When Brian and I were first married, we were living in a trailer park in Idaho Falls.  Our first child was a few months old.  I had 2 visiting teachers and they were both very nice ladies.  One  lived in the trailer court and worked full-time.  One lived in the nice subdivision just up the road and was the stay-at-home wife of a doctor.  The doctors wife decided to have a baby shower for me.  I didn’t know either one of them very well, we had only lived there for a few months and had only been attending church for a few weeks before I met them. But, I thought it was so nice that they would offer to throw a baby shower for me and I could meet some of the other ladies from the ward.  The week before my baby shower my other visiting teacher showed up and dropped off a baby gift.  I told her thank you and asked her why she wasn’t going to be at the baby shower.  She didn’t know anything about it.  My heart sunk, I was mortified.  The doctor’s wife hadn’t invited her. I never said anything to the doctor’s wife and attended the baby shower. Only one other person from the trailer park was there. I don’t know if it’s because no one else was invited.  That’s my assumption based on the experience with my visiting teacher but I don’t know for sure.  The other person who lived in the trailer park that was attending also young and had a baby a few months older than mine, they had a shower for both of us.  I’m sure I received may nice gifts and met many nice people. I don’t remember any of their names, not even the visiting teacher’s. I don’t remember their faces or the gifts they gave me.  I don’t even remember if I sent them thank you cards (which I’m really bad at).   It still makes me uncomfortable to think about our time living in that ward. That wasn’t the first time I felt the tension between the trailer park people and the people in the subdivision.  However, my husband and I were welcomed with open arms even by the more wealthy people in our ward.  They were helpful and more than willing to help us.  What is interesting to me is the lady who lived in the  trailer park was beautiful. I don’t know where she worked.  But she dressed professionally.  I think I went to her home once and it was nice.  It wasn’t big, but is was clean and charming.  The only thing I could think is that we were still young and had “a chance to make it.”  It still frustrates me to think about that story.  A few weeks later I heard that the people in the subdivision had written a petition to have the trailer park removed from their ward. Whether that is true or not doesn’t matter. What matters is the message I received from that interaction, It was more important to interact with people based on their financial status than anything else.  To me that was heartbreaking. That it could even be something that is rumored, tells you about the tension that existed between the 2 groups of people.  I think more often than not, we, as humans have a habit of placing more value on things, than on people or relationships.  I think often the treasures in Mormonism become, Joseph Smith, the current prophet, the LDS Church, and financial wealth and status. I think more often than not, other things become more important than people and we don’t even notice. I know that not all Mormon people are that way, but did I mention that the doctor’s wife was also in the bishopric?  I think he may have even been the bishop.  I feel that because the Mormon church puts such an unspoken value on financial status, they often have people in leadership that don’t really care about people. Who are more focused on the rule book and status quo than anything else. Don’t forget, Jesus spent more time with prostitutes and tax collectors, the “sinners” of his day than he did with those who were supposed to be the “righteous” ones. This was another piece of straw that was quickly adding to the camel’s back that finally brought Brian and I to the point where we said we were done.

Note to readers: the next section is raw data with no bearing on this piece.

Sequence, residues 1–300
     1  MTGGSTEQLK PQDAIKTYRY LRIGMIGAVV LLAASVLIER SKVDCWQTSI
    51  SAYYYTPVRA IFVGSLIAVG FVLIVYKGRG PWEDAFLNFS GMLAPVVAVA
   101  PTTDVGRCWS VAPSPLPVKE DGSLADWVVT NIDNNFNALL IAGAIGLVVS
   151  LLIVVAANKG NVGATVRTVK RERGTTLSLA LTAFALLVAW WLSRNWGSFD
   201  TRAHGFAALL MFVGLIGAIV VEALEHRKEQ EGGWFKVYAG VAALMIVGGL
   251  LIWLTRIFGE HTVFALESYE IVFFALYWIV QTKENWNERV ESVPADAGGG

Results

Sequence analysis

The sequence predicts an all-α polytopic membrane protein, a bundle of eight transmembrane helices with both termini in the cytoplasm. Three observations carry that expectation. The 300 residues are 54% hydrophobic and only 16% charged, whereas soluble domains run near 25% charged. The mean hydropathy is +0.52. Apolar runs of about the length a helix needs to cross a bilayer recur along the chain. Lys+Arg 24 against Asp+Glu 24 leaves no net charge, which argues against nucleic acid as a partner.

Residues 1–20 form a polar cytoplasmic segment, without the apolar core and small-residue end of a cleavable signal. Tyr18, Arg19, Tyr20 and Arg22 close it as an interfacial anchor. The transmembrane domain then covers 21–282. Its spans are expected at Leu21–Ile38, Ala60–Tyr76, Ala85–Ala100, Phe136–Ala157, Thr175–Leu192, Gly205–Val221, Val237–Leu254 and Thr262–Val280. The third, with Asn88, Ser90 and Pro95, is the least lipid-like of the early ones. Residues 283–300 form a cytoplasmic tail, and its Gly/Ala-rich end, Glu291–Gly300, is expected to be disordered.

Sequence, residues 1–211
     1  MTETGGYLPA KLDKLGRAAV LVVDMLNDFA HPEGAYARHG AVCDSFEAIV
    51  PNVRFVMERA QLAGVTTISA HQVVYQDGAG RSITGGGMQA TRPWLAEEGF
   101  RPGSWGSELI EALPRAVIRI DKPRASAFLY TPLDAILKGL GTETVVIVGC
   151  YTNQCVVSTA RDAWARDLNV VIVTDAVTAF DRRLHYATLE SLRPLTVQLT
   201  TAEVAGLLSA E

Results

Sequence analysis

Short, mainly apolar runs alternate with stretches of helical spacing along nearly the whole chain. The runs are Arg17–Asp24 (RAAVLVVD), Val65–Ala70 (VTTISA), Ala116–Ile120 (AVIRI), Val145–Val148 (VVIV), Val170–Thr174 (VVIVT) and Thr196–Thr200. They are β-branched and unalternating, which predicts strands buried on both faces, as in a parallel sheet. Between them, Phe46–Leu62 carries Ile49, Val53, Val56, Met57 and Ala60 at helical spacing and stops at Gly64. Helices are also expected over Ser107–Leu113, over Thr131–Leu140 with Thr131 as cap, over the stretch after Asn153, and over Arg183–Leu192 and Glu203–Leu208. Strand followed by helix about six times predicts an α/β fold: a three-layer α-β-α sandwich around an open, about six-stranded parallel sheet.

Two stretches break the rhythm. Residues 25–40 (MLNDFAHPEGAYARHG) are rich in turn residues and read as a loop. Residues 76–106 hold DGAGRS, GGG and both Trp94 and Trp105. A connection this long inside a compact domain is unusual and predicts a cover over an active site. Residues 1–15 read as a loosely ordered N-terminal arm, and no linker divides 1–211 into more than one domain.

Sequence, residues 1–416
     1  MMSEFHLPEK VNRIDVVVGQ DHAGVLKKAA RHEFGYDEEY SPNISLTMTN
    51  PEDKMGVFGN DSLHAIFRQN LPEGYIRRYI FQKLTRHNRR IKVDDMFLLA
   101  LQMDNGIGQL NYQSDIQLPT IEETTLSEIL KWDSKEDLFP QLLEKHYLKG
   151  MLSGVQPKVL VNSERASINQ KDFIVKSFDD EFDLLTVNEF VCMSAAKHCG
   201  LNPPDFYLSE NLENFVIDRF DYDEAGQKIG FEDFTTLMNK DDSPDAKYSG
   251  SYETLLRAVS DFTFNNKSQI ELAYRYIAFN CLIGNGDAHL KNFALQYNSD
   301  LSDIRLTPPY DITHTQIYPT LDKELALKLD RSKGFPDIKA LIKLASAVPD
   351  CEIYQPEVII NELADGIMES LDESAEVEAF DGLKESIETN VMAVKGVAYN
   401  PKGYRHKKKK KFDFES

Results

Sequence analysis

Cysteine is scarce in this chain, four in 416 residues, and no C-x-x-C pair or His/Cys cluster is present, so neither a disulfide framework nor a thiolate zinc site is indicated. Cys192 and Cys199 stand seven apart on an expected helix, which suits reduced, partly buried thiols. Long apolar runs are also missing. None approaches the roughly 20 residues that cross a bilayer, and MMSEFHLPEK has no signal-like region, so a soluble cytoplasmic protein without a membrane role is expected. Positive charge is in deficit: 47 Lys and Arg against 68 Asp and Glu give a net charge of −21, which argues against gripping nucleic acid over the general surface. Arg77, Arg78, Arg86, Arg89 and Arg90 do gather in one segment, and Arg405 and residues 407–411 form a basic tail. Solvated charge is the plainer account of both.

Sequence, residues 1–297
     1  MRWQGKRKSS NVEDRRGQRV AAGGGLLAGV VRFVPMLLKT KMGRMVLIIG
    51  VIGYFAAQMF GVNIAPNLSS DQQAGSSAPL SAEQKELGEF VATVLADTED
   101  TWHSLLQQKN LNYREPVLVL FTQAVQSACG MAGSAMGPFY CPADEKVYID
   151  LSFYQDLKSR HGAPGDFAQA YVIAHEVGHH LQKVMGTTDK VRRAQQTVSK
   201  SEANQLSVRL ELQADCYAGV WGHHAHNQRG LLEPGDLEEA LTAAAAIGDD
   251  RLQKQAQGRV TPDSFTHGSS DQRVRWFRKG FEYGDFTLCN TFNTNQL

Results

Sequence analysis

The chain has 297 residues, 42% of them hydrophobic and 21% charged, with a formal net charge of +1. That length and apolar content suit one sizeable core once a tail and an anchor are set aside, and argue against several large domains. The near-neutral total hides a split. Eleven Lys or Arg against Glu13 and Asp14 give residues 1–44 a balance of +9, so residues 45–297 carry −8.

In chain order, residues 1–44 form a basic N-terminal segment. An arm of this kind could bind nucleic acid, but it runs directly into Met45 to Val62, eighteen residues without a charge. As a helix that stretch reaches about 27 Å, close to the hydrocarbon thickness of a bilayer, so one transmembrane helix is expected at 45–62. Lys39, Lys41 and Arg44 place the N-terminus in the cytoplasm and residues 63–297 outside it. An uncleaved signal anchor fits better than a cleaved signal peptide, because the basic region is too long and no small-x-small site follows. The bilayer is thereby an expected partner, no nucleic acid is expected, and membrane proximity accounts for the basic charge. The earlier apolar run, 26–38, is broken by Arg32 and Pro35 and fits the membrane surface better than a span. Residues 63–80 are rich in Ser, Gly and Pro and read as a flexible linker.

I think the only thing that I would add to my list as I’ve thought through things is, I hope people know I love my Lord and Savior Jesus, and I try to treat people with love, kindness, and respect.  I hope that people can see where my treasure lies.  I know I make mistakes.  I am a very imperfect person.  I do things wrong all the time.  But the most import thing to me is my relationship with Christ, then my husband, then my kids. Without Christ I have nothing.  I am nothing.  I’m just a small town girl… trying to keep my treasure in the right place in world that will do anything to change that.

maya-agelou

4 responses to “Where your treasure is…

  1. Wow! I can relate to this story. When I was a pregnant single mom, my visiting teachers threw me a baby shower. But after I had the baby and they were no longer my visiting teachers, they stopped talking to me nicely. I was crushed. I had thought they genuinely cared about me and my baby and we were friends. That was just part of my story coming out and discovering superficial relationships just to fulfill a calling.

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    • Thanks for your comment! I love that I can connect with people and share in their experiences. I think superficial relationship are a big part of the Mormon Church. I talk about them more in depth in my blog titled Why do You Check Your Box. Thank you so much for reading and for sharing!! ~Klarice